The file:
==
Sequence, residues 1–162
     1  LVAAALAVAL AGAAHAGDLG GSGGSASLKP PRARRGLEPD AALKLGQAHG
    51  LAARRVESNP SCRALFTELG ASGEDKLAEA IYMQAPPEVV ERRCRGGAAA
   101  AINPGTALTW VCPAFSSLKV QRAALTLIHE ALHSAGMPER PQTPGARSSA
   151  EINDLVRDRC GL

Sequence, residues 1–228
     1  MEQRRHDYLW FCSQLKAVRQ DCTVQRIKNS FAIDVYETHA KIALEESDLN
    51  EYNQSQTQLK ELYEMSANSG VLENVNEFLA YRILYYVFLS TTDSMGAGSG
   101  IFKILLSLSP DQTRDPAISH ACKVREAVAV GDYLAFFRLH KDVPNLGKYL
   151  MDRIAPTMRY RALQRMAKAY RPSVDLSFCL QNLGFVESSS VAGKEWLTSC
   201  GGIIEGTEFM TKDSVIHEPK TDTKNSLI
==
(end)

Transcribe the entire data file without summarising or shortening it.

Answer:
Sequence, residues 1–162
     1  LVAAALAVAL AGAAHAGDLG GSGGSASLKP PRARRGLEPD AALKLGQAHG
    51  LAARRVESNP SCRALFTELG ASGEDKLAEA IYMQAPPEVV ERRCRGGAAA
   101  AINPGTALTW VCPAFSSLKV QRAALTLIHE ALHSAGMPER PQTPGARSSA
   151  EINDLVRDRC GL

Sequence, residues 1–228
     1  MEQRRHDYLW FCSQLKAVRQ DCTVQRIKNS FAIDVYETHA KIALEESDLN
    51  EYNQSQTQLK ELYEMSANSG VLENVNEFLA YRILYYVFLS TTDSMGAGSG
   101  IFKILLSLSP DQTRDPAISH ACKVREAVAV GDYLAFFRLH KDVPNLGKYL
   151  MDRIAPTMRY RALQRMAKAY RPSVDLSFCL QNLGFVESSS VAGKEWLTSC
   201  GGIIEGTEFM TKDSVIHEPK TDTKNSLI